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Savage pre-mammalian hunter was no slowcoach

- Boitumelo Kgobotlo

The University of Witwatersr­and’s evolutiona­ry studies institute has rebranded a pre-mammalian reptile, the Anteosauru­s. Previously assumed to be a sluggish, slow-moving animal, scientists now think it was indeed a savage hunter, regardless of its body size.

The institute’s Dr Julien Benoit and co-authors used X-ray imaging and 3D reconstruc­tion for a highresolu­tion view of the animal’s skull, which showed that the ancient creature’s inner ear, associated with balance, was not as imagined.

Although it had a heavy-structured skeleton, scientists found that the nearly one-tonne creature’s brain and inner ear were adapted for fast motion, similar to those of Velocirapt­ors, who are known as vicious pack hunters.

The Anteosauru­s’ nervous system was also found to be more advanced than other contempora­neous carnivores of similar size, making it possible that it would ambush, harass and run after its big or small prey.

The beast, which is believed to

have roamed the African continent 260-million years ago, is known to have lived in the Guadalupia­n epoch on areas today known as South Africa.

Some of its remains can be viewed at the Iziko museum of natural history in Cape Town.

According to the National Centre for Biotechnol­ogy dataset, Earth witnessed a major turning point in the mid-permian era, in which the dataset shows a 74% to 80% loss of generic richness. South Africa was still close to the South Pole at the time.

Benoit said the large Therocepha­lians were Anteosauru­s’ competitor­s at the time, but as studies stand, their brain cases have indicated that they were less likely agile and fast.

Dinosaurs appeared on Earth around 240-million years ago and became extinct around 65-million years ago.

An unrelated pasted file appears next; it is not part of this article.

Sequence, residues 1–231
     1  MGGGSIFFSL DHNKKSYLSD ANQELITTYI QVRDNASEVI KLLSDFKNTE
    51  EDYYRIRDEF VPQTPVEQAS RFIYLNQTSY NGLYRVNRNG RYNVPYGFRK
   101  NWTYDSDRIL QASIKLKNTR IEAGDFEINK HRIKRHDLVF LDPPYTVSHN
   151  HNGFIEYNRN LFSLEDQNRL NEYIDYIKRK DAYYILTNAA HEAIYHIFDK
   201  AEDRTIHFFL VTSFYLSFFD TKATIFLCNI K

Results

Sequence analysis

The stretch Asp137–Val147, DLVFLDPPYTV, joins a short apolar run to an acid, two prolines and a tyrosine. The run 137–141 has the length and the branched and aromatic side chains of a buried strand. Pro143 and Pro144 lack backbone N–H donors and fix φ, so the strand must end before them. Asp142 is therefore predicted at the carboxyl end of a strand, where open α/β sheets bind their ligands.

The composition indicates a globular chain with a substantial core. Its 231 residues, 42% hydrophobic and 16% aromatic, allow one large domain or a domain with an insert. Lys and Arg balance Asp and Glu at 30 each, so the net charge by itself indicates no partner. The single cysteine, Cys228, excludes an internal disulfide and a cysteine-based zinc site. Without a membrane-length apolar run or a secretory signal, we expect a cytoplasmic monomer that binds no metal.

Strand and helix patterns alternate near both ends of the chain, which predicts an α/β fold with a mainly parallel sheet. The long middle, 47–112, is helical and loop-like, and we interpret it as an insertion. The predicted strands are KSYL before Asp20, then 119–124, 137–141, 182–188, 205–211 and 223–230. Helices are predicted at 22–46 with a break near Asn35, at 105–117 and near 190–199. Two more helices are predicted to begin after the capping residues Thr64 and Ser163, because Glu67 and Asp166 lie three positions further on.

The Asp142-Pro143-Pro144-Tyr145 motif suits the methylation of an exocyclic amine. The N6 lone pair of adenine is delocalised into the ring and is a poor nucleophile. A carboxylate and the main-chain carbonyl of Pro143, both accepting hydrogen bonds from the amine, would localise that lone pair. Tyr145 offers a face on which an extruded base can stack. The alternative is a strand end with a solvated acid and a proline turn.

The Antaeus reptile was not a dinosaur but a type of dinocephal­ian, a pre-mammal that dominated Africa 30-million years before the dinosaur existed.

From evidence that has been found so far, the animal probably looked a little like a komodo dragon with a hippo-sized head. Large bumps and lumps above the eyes and enlarged canines gave the beast a savage look.

It was because of these features that the Anteosaur reptile was previously presumed to be slow and living in water.

“Other carnivores have in the past reached similar body size. It is unclear how body weight affected their hunting style. Many dinosaurs are considered agile despite huge body weight.

“Also, we do not have a complete skeleton so the Anteosauru­s’ body weight is really just a wild guess,” said Benoit.

He said they would need to find more skeletal fragments to make a more accurate better size estimate. The Brachiosau­rus dinosaur was estimated to weigh 150 tonnes, but modern modelling techniques suggest a weight of 40 tonnes was more likely.

Dr Ashley Kruger, a paleontolo­gist at the Swedish Museum of Natural History in Stockholm, said the new findings about the ancient extinct creature contradict­ed what they had known about it.

“In creating the most complete reconstruc­tion of an Anteosauru­s skull to date, we found that overall, the nervous system was optimised and specialise­d for hunting swiftly and striking fast, unlike what was previously believed,” he said.

 ?? Photo: Alex Bernardini (@Simplexpal­eo) ?? Vicious: This reconstruc­tion of an Anteosauru­s attacking a Moschognat­hus may be closer to the truth.
Photo: Alex Bernardini (@Simplexpal­eo) Vicious: This reconstruc­tion of an Anteosauru­s attacking a Moschognat­hus may be closer to the truth.

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